I was talking to the president elect of the ACMG the other day about something that could be pretty useful. I told him that even though we disagree about the role of DTC, I laud his efforts towards education.
Our teaching point should be plain and simple. The family history is the best addition to the geneticist's history and physical. It separates them from other specialities. It is a help towards clinical judgement and use of testing. This is precisely the thing that will keep geneticists from being replaced by eager self-testers and Online "web apps" to teach patients about their 6 billion base pair report.
In genetics we all know of benign variants in genes and hell, even chromosomes. Changes which in the grand scheme of things may never make a difference......that's because clinical always trumps basic science.
I was presenting with Aidan Power on Friday at Yale, when a "entrepreneur" said, "My friend a cardiologist from Cornell says that there are 'validated' markers for heart disease that no doctors are using." I told her that most "validated" biomarkers often add very little to the predictive abilities and algorithms we already have as clinicians.
I then mentioned the case with 9p21.3 where it adds absolutely no information to risk prediction when compared to framingham risk.....But is highly statistically significant for association with MI. So the statistically bamboozled non-clinician thinks that this is an amazing tool, while the physician sees this for what it is, useless information to help them predict disease risk, which is why I keep hating on these SNP chip testing companies.......They make science the lead, rather than the clinical utility.......which inevtiably will produce genohype! But I can't blame the two undergrads in Mountain View. Neither of them are clinicians......unlike Agus and Vanier.......
That being said, there is one thing that does add quite a bit.......Family History. Now in another, "Of course it does" moment a study from the home ofFactor V Leiden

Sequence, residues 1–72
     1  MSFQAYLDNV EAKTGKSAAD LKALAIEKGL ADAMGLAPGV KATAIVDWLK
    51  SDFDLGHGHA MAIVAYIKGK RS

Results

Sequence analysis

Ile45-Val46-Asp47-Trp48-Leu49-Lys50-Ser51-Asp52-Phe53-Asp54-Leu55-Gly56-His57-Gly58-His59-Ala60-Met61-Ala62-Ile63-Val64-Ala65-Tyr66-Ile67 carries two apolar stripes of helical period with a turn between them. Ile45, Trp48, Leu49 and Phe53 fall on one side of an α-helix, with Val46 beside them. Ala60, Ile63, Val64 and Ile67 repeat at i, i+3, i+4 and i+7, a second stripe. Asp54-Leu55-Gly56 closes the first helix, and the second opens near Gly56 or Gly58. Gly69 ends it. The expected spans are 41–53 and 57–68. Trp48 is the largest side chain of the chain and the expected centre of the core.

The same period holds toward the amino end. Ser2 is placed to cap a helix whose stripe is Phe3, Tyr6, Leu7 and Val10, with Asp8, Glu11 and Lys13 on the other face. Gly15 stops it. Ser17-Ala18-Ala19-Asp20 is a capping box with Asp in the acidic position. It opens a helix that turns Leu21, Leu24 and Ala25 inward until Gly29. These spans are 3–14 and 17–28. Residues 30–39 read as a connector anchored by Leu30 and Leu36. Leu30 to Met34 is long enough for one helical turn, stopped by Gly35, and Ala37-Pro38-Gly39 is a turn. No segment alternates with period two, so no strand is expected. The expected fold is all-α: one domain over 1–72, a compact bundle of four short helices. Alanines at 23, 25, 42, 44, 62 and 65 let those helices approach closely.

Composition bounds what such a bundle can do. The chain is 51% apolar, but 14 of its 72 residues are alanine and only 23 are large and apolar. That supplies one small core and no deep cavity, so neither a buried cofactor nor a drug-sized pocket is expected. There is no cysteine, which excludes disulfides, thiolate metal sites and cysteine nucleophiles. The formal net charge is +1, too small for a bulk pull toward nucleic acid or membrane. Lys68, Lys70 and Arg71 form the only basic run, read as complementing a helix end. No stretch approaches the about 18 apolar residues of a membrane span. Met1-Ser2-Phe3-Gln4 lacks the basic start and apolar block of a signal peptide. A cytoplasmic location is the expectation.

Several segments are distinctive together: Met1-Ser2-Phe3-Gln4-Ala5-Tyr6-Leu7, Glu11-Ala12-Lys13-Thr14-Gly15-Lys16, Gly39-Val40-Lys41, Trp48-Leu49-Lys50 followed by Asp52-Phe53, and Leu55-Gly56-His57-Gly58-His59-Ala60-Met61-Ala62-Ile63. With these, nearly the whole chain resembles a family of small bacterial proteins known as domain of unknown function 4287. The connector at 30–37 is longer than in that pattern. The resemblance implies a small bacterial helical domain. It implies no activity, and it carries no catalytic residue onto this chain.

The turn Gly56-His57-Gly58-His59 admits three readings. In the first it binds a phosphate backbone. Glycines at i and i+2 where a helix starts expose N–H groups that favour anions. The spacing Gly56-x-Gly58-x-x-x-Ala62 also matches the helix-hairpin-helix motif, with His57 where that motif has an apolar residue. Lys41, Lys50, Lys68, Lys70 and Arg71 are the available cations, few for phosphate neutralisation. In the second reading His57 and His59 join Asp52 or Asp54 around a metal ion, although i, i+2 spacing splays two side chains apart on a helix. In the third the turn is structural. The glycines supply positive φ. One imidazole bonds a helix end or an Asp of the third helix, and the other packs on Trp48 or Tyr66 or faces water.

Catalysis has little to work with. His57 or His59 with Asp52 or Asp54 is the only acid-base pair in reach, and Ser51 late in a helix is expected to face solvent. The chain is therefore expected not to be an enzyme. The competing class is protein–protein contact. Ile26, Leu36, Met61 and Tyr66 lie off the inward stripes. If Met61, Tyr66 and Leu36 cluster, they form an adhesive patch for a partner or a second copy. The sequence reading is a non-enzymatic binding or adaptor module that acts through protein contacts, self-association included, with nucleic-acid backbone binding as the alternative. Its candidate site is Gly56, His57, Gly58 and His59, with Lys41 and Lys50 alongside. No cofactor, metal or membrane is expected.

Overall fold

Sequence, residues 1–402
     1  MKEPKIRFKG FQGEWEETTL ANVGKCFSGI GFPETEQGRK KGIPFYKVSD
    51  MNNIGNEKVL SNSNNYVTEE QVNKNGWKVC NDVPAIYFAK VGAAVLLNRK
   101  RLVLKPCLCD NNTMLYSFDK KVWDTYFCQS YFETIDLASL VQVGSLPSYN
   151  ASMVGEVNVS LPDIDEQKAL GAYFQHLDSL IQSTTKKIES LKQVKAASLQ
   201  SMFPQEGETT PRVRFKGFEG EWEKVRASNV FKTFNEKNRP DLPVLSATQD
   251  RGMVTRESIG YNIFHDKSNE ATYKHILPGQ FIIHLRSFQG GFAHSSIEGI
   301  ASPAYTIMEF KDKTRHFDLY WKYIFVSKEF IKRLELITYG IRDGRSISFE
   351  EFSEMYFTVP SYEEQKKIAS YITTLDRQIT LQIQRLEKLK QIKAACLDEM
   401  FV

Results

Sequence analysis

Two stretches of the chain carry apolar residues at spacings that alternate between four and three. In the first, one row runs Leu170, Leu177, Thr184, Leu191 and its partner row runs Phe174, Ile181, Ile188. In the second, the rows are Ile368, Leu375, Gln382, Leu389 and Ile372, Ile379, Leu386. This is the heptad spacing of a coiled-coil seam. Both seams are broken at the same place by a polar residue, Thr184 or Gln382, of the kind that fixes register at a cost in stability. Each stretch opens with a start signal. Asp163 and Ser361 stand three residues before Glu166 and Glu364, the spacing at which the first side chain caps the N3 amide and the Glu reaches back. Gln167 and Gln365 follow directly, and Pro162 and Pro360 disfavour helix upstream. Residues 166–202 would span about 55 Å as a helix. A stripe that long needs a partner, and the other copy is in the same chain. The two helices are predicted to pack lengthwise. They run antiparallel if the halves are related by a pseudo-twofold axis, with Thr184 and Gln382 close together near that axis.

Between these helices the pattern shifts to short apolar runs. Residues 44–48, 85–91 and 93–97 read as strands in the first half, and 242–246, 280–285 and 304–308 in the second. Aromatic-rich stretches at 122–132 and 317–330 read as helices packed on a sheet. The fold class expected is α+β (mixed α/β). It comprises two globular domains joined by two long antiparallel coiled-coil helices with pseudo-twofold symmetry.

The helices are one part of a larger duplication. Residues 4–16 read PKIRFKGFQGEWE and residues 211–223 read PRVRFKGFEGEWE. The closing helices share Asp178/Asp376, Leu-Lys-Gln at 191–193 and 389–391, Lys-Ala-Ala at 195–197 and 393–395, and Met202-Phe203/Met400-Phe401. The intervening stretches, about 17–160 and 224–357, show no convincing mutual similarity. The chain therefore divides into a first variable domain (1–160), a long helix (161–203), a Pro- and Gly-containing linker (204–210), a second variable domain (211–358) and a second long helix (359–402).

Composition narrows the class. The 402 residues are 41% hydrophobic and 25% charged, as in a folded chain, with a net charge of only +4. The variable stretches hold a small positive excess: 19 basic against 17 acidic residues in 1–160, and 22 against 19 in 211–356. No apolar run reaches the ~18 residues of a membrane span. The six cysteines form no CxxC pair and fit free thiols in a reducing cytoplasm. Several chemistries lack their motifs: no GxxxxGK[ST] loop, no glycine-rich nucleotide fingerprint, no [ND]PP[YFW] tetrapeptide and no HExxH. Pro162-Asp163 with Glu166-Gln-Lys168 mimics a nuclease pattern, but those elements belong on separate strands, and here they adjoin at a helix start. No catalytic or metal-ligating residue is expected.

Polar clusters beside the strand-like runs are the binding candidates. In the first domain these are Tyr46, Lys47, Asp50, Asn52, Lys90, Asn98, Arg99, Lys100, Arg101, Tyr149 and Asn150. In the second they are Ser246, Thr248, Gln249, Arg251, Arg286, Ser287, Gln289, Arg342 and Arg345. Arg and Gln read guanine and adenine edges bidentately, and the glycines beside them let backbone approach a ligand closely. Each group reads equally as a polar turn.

People used to use Factor V testing all the time. Now it has fallen out of favor. Even so you can see thatsites such as DNADirect still offer it. Why? Who knows, maybe they don't follow the hematology literature so well......
From the study:
Frits R. Rosendaal, M.D., Ph.D., of Leiden University, and colleagues reported in the March 23 issue of Archives of Internal Medicine. The risk quadrupled when family history included more than one affected member, and the relative risk soared to 64 with a positive family history and a genetic or environmental risk factor versus no family history or other factors.
Investigators found that 505 patients (31.5%) and 375 controls (17.3%) reported one or more first-degree relatives with a history of VTE. The difference translated into an odds ratio of 2.2 (95% CI 1.9 to 2.6). The association was stronger when only family members who had venous thrombosis before age 50 years were considered positive (OR 2.7, 95% CI 2.2 to 3.4) or when several relatives were affected (OR 3.9, 95% CI 2.7 to 5.7). The OR for venous thrombosis when several relatives were affected, at least one of them before age 50 years, was 4.4 (95% CI 2.8 to 6.9).
It sounds like we have some more clinical criteria which remains WAYYYYYY better than a Factor V Leiden gene test.
"Environmental risk factors together with a positive family history strongly increase the risk of venous thrombosis. In the absence of a known genetic risk factor, the risk is already increased more than 15-fold. Genetic testing to identify additional risk would then not seem useful."
The Sherpa Says: In another study, which will not be splashed all over the WSJ and NYT, we find, Family history has more power than gene tests.........